WELCOME to Women in Film and Media Colorado (WIFMCO)! Our organization is dedicated to the advancement of all women working in the film, television, multi-media, web and video game industries in Colorado. Through educational panels, networking events, a newsletter, contests and more, we hope to connect, empower, educate and support all female media makers and help to elevate the Colorado media industry overall.
Our events are open to everyone. Membership in our organization is open to anyone who identifies as a woman who works in media in the state of Colorado and men in Colorado who support the advancement of women as media makers.
We received 501c3 status in March of 2017, and are now an official chapter of Women in Film and Television International (WIFTI), the parent organization for all Women in Film chapters. This will connect our members with even more resources to advance their careers in the industry.
We look forward to meeting YOU at our next event. Please explore the website to learn more about our mission, the board, upcoming events, membership benefits and opportunities to get involved. WIFMCO can only be a success with your participation and enthusiasm, so we invite you to join us in making Colorado an amazing place for women mediamakers to work, live and create!
Phone: (720) 778-1738 Email: Info@WIFMCO.org
Founding President of WIFMCO
2018 WIFMCO Vice- President
Actress/ Writer/ Producer
Q: What is your field of focus?
A: Mainly screenwriting now, but I’m also an actor and moving into producing.
Q: Tell us about your journey thus far in your career? Did you study? If so, where or are you still in school?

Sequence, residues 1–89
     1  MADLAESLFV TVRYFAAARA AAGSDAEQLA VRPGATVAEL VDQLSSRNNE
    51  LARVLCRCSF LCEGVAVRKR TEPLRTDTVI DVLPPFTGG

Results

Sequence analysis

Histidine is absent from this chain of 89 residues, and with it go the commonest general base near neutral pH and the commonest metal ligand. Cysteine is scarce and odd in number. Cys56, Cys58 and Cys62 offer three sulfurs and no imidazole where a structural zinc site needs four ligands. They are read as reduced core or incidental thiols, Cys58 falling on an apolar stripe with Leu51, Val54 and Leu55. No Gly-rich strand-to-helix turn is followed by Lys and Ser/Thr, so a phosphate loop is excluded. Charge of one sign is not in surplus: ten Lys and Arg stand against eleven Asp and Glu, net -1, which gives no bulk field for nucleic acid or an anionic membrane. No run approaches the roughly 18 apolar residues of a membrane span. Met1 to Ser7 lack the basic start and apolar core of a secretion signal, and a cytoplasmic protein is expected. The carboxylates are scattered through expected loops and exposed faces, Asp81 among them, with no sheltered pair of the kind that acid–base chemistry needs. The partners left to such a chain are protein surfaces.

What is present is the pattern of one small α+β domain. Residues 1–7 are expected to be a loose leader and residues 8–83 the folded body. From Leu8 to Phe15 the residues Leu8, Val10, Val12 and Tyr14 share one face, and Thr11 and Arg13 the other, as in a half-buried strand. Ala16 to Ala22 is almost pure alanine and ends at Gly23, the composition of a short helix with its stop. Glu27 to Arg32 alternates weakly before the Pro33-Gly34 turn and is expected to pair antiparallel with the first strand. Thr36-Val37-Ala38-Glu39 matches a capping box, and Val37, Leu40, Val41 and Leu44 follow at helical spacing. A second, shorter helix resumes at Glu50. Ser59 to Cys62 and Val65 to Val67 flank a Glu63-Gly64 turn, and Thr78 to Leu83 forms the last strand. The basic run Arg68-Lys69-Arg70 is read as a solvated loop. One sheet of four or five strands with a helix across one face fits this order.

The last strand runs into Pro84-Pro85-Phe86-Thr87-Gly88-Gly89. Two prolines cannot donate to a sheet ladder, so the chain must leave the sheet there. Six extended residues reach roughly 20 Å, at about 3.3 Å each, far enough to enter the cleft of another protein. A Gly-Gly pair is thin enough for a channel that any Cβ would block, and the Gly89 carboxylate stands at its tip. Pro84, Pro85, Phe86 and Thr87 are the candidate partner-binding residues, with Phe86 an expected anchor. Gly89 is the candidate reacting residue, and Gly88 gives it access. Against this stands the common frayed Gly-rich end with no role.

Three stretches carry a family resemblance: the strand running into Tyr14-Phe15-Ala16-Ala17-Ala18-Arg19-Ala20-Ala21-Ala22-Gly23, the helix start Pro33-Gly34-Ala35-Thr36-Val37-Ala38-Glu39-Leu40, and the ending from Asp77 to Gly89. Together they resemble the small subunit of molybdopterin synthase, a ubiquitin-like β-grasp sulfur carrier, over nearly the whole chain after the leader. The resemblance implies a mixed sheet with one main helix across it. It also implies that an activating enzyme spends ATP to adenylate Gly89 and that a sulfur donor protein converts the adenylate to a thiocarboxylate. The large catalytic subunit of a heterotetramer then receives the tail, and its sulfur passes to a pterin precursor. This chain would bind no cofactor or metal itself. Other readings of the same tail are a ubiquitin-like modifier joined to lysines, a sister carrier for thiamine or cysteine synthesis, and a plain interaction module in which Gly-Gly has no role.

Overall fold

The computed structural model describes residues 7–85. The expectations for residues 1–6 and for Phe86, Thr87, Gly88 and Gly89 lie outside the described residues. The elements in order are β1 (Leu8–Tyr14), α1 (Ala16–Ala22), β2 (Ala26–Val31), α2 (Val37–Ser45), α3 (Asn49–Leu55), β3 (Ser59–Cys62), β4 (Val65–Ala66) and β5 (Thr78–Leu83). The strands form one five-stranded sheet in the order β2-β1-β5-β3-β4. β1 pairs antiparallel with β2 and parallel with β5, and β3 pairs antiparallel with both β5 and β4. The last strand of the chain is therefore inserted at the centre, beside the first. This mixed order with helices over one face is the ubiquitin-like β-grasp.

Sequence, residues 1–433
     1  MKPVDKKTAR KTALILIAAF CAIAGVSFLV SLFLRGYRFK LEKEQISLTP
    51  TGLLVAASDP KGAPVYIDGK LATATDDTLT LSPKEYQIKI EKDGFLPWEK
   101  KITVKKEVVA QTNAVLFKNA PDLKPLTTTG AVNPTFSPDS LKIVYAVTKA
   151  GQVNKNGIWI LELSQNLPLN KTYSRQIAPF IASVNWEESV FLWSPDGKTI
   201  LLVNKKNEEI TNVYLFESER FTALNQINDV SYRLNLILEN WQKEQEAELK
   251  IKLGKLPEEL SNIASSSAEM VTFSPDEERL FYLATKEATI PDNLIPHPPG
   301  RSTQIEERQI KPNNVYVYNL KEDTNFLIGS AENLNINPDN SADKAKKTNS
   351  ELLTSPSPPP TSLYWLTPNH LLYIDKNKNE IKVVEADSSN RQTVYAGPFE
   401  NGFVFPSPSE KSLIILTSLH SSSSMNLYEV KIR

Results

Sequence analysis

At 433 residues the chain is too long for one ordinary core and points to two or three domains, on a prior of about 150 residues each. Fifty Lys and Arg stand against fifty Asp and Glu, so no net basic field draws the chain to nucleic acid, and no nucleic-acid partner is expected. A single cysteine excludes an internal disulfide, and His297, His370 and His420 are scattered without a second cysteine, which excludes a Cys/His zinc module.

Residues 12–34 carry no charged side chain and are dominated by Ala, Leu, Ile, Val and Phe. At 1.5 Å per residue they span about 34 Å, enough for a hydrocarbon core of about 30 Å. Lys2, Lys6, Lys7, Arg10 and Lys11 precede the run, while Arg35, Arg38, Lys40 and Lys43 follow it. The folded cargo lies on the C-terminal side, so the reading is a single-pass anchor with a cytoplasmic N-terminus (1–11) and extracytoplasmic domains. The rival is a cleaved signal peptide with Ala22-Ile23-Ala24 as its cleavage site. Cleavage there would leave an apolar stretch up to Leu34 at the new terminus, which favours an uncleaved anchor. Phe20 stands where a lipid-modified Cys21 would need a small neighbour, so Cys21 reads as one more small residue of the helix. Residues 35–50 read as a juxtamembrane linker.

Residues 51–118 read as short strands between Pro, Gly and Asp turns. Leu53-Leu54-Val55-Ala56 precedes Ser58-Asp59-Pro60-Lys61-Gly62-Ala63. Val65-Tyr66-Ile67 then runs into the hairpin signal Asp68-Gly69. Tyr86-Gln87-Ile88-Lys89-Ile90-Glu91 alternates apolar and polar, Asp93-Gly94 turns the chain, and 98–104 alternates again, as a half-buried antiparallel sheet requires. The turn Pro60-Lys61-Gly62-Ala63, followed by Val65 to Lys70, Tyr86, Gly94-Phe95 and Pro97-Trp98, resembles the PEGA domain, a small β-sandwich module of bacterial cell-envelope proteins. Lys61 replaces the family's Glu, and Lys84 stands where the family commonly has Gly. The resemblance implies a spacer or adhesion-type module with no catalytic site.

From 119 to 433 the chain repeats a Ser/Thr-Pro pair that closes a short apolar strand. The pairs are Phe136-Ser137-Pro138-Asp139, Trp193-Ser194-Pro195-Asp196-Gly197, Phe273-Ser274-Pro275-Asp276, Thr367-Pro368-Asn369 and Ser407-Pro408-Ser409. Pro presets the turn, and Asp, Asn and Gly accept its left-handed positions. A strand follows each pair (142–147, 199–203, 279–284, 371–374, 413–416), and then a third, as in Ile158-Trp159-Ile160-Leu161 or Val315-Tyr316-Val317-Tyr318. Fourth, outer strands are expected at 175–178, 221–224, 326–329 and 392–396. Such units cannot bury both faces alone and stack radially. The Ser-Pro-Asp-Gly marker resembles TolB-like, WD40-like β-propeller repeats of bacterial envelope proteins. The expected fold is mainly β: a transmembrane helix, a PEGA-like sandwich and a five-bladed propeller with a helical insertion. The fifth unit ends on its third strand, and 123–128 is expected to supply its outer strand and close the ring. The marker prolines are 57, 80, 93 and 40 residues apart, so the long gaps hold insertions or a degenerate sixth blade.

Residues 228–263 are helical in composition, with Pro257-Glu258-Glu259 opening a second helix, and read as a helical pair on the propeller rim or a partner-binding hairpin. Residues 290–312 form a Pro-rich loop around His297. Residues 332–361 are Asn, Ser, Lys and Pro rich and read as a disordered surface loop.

A: Writing and acting have been something that I’ve done since childhood, and “being a movie star” was my childhood dream. When I went to college at Stanford, intending to major in drama and communications, I found myself moving from being the “star” of my tiny little high school (20 people in my graduating class!) to being a tiny little fish in a giant pond of very talented fish. Admittedly, I let the doubters and realists get to me, and I changed my major to English and Psychology and decided to work with children. I went so far as to get a Master’s Degree in Family and Child Studies and tried to find work as a parent educator. But by the time I got married and moved to Colorado in 1999, I realized how much I missed the art that had always been so much a part of my life and my dreams, and I began working in community theatre. Once I had kids, I realized that film and commercial work would give me a little easier schedule—a day or a weekend instead of 6 weeks of rehearsals and 3 or 4 weekends of performances—and started looking into getting an agent. I eventually found Peter DeAnello at Big Fish and was thrilled to see that he also taught a course called “Write to Act”, in which actors wrote material for themselves. I had always loved writing but had never really married the two art forms. After many workshops and performances and some award-winning short plays, I had fallen in love with writing as much as acting, and still being a full-time mom, I realized that the flexibility of writing would work really well in my life. I read multiple screenwriting books, tons of screenplays, and started working on features. Around 2008 I met Haylar Garcia and Jim Brennan, and they eventually became my writing partners.